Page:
I, for one, will be submitting a proposal. I like competitions like this (though I am not an architect or designer by trade) because they encourage a sort of crowd-sourcing with respect to urban planning. I guarantee that a 10-yearold can come up with ideas that a 50-year old urban planner never could. I look forward to seeing what the visionaries of Indianapolis can put forward.
  • Discouraging???
    How in the world would $30.00 discourage anybody? If they wanted to discourage people, they could have charge $3,000.00 to submit ideas. $30.00 won't discourage anyone.
  • The Circle
    We all know where this is going. The city wants to close the Circle to vehicular traffic, even though none of the businesses on the Circle and most of the citizens of Indianapolis are against it. So they want opinions, but only from people who have $30.00 to ante up. Why have a fee to contribute ideas? To discourage people from submitting ideas, of course. Then they can do what they want to do anyway. DO NOT close the Circle to cars. Oh, do I owe $30.00?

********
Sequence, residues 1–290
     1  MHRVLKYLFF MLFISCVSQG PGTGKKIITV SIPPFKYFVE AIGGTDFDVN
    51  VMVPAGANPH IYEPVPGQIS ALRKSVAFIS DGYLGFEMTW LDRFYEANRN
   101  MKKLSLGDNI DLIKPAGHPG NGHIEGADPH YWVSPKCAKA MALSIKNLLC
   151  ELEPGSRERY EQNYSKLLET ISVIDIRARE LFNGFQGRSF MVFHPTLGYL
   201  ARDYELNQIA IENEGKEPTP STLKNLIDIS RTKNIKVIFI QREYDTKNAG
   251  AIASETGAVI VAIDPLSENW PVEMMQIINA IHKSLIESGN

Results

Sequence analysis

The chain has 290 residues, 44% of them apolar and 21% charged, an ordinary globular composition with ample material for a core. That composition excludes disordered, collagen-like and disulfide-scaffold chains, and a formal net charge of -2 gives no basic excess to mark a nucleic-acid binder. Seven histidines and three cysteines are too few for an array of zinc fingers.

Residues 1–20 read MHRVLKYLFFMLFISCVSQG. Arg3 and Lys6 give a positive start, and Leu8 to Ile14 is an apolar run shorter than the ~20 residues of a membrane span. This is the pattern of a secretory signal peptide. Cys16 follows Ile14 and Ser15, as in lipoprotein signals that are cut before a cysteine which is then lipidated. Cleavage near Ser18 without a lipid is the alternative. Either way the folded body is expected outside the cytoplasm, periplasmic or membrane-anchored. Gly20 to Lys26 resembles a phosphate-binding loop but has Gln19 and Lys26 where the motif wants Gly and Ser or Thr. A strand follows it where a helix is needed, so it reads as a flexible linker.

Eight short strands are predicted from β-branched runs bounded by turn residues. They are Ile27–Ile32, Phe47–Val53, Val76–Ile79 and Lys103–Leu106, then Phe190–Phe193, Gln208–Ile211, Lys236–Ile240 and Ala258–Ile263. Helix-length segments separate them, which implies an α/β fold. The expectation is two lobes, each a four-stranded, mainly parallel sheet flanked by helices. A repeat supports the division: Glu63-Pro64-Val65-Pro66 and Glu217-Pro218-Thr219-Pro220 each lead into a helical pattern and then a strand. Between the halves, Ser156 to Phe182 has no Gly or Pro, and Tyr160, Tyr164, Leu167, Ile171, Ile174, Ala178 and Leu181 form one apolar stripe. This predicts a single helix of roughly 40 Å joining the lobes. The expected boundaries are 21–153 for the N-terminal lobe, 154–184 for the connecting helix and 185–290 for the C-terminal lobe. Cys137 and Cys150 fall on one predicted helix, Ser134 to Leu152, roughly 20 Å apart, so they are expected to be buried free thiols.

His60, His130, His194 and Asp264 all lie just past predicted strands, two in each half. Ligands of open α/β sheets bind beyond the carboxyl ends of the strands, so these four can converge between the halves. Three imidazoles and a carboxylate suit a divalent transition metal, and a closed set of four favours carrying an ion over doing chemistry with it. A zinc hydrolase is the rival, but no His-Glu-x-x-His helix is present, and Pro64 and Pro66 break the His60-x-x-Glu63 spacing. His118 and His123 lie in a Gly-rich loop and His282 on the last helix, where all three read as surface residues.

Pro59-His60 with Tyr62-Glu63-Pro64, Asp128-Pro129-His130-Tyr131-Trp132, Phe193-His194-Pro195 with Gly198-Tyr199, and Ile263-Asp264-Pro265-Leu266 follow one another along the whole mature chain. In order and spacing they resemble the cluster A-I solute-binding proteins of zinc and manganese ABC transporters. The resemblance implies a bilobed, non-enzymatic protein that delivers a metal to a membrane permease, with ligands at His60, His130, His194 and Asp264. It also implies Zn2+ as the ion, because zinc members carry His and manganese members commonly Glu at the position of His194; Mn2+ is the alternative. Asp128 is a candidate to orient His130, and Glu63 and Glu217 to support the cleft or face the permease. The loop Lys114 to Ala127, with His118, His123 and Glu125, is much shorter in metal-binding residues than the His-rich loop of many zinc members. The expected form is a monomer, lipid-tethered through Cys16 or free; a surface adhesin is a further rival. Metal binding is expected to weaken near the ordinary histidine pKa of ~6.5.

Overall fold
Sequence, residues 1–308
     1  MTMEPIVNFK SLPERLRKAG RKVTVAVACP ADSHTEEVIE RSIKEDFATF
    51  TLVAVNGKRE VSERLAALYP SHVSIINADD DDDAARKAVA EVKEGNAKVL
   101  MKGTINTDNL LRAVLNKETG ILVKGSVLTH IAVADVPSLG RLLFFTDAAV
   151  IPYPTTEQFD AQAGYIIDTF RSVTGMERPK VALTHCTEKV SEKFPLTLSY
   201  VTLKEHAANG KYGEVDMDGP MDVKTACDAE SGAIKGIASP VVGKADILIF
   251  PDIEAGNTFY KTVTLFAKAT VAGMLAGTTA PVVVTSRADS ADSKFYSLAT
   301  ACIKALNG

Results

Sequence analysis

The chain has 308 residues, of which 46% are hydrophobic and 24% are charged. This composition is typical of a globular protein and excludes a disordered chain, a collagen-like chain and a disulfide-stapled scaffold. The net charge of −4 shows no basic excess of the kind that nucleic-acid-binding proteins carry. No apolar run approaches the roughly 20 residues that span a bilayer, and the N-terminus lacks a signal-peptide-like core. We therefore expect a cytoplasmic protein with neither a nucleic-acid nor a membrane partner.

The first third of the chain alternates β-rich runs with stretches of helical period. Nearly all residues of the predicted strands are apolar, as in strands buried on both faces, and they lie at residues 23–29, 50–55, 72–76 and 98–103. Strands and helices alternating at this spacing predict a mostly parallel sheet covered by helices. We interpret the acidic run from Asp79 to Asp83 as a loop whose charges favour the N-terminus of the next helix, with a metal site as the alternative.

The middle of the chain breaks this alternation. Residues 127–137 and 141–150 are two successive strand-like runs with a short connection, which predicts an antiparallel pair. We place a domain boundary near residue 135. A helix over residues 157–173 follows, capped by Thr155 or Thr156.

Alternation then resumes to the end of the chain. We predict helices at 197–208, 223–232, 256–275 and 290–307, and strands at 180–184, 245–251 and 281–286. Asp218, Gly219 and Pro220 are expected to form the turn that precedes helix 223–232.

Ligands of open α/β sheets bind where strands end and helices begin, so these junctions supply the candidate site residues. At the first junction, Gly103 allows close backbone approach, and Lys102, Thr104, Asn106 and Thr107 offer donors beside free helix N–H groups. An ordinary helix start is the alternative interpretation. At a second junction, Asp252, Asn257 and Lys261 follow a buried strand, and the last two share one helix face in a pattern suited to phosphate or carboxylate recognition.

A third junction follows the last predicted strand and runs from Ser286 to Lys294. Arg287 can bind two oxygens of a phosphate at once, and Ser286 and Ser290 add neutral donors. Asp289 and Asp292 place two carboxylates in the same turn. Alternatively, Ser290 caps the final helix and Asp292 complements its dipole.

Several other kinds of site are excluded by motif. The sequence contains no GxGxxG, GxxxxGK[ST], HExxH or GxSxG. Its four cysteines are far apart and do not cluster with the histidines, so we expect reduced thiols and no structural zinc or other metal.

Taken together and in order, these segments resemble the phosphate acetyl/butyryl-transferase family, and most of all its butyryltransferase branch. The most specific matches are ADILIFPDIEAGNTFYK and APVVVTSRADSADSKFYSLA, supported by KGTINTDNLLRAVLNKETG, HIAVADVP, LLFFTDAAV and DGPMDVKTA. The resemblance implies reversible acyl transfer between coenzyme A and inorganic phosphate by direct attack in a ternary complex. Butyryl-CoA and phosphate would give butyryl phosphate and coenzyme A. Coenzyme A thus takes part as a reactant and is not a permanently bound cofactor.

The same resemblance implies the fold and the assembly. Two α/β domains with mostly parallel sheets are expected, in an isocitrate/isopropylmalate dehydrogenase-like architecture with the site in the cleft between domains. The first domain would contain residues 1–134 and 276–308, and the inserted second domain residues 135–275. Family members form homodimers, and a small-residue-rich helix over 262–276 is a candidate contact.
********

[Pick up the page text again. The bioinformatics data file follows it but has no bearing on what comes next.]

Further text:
Post a comment to this story

COMMENTS POLICY
We reserve the right to remove any post that we feel is obscene, profane, vulgar, racist, sexually explicit, abusive, or hateful.
 
You are legally responsible for what you post and your anonymity is not guaranteed.
 
Posts that insult, defame, threaten, harass or abuse other readers or people mentioned in IBJ editorial content are also subject to removal. Please respect the privacy of individuals and refrain from posting personal information.
 
No solicitations, spamming or advertisements are allowed. Readers may post links to other informational websites that are relevant to the topic at hand, but please do not link to objectionable material.
 
We may remove messages that are unrelated to the topic, encourage illegal activity, use all capital letters or are unreadable.
 

Messages that are flagged by readers as objectionable will be reviewed and may or may not be removed. Please do not flag a post simply because you disagree with it.

Sponsored by
ADVERTISEMENT

facebook - twitter on Facebook & Twitter

Follow on TwitterFollow IBJ on Facebook: